spending

Time to Stock Up at the Grocery Store

Eggs, meat, coffee and cheese are cheaper thanks to bumper crops and low fuel prices.

Make room in your cupboards and freezers, supermarket shoppers. Prices for food for home consumption saw 10 straight months of year-over-year deflation through September—the longest period since 1960, according to data from the U.S. Bureau of Labor Sta­tistics. In the 12 months through September, prices for groceries sank 2.2% overall. (Dining out was another story: Prices for food away from home rose 2.4% over the same period.)

Some categories have experienced sharper drops than others, with eggs, dairy and meat leading the way down. Egg prices plunged by half in the pre­vious 12 months through September, from an average $2.97 to $1.47 for a dozen large eggs—a return to earth after an avian flu outbreak caused prices to spike last year. Whole milk declined by 4.8%, and cheddar cheese descended by 6.7%.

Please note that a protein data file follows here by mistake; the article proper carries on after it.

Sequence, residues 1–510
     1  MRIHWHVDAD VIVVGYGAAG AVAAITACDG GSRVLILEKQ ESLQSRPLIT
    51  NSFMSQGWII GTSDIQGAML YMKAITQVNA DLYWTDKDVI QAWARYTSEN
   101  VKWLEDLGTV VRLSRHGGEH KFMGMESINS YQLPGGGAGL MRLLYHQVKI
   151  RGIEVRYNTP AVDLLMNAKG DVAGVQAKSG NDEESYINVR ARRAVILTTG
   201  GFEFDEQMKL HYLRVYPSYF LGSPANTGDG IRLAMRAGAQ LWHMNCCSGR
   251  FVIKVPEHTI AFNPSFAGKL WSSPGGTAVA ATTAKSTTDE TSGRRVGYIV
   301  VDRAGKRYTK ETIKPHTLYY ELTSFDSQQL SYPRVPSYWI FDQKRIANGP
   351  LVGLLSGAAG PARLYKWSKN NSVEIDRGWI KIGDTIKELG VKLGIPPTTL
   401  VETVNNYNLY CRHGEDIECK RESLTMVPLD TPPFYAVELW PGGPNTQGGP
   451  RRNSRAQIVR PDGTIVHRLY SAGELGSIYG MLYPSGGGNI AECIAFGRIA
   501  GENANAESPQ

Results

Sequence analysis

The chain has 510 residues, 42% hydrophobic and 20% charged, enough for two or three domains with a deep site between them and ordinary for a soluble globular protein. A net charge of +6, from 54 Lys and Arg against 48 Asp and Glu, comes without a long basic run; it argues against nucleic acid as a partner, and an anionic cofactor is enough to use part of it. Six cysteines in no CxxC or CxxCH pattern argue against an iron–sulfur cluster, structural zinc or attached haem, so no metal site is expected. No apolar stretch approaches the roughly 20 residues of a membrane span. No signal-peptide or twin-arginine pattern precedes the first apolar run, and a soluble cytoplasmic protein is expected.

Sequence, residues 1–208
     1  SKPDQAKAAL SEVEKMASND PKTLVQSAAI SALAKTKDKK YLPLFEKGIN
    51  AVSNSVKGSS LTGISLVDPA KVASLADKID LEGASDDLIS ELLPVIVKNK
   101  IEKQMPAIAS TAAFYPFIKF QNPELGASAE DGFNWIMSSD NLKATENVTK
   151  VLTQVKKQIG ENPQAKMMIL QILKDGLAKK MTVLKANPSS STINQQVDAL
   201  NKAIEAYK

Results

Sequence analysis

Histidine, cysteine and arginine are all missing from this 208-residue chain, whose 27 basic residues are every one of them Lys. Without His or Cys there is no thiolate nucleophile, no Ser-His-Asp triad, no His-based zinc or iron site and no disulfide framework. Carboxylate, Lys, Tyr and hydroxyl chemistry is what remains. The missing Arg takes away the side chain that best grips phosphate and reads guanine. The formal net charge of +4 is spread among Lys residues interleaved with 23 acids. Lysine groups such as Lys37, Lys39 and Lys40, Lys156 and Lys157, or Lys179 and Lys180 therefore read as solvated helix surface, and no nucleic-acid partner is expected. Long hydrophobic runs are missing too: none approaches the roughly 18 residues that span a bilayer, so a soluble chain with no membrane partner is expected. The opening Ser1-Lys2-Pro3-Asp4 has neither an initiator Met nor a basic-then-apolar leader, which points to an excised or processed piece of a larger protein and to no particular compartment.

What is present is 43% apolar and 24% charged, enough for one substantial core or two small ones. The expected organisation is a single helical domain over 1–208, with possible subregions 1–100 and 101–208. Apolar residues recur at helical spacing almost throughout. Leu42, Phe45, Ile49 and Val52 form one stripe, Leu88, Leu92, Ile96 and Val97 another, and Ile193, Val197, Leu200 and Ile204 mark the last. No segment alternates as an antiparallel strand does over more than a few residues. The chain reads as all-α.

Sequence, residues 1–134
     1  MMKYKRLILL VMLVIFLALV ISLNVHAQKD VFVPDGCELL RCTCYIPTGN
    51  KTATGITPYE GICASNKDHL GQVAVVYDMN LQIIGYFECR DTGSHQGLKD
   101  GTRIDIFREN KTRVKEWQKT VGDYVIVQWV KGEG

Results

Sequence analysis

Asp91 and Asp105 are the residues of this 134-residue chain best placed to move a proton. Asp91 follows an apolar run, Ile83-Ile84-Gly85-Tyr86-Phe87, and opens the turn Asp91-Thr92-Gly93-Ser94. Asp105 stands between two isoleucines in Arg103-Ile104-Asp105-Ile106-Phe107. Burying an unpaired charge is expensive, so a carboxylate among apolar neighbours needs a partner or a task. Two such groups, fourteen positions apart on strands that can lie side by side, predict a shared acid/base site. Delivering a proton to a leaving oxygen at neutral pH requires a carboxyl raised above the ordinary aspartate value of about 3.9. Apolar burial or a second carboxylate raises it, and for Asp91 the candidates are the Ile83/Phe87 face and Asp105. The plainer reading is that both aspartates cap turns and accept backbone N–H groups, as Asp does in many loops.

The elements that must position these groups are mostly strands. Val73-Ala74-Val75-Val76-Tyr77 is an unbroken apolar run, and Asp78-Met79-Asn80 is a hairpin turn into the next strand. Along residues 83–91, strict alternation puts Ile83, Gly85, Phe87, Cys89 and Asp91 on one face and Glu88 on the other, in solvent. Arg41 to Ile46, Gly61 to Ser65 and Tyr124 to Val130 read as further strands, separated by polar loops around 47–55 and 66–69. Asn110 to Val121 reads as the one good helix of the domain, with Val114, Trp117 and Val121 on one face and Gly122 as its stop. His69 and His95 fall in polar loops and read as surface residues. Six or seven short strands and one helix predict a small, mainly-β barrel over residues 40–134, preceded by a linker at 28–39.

Among meats, ground beef was recently $3.67 a pound, down 11.2% from a year earlier, and USDA Choice boneless round roast was $5.02 a pound—a 10.4% drop. Pantry items with notable price declines include creamy peanut butter, coffee and dried beans.

Bumper crops combined with a strong dollar, which has made U.S. food products less competitive overseas, have helped fuel the abundance, says Rupesh Parikh, an executive director and senior analyst for Oppenheimer & Co. Well-fed cattle have increased food supplies, too, and reduced transportation costs are also pushing food prices down. Oppenheimer analysts think the food deflation could last into mid 2017. But the U.S. Department of Agriculture expects supermarket prices to rise by 1% to 2% for the year—so you may be wise to stock up soon.

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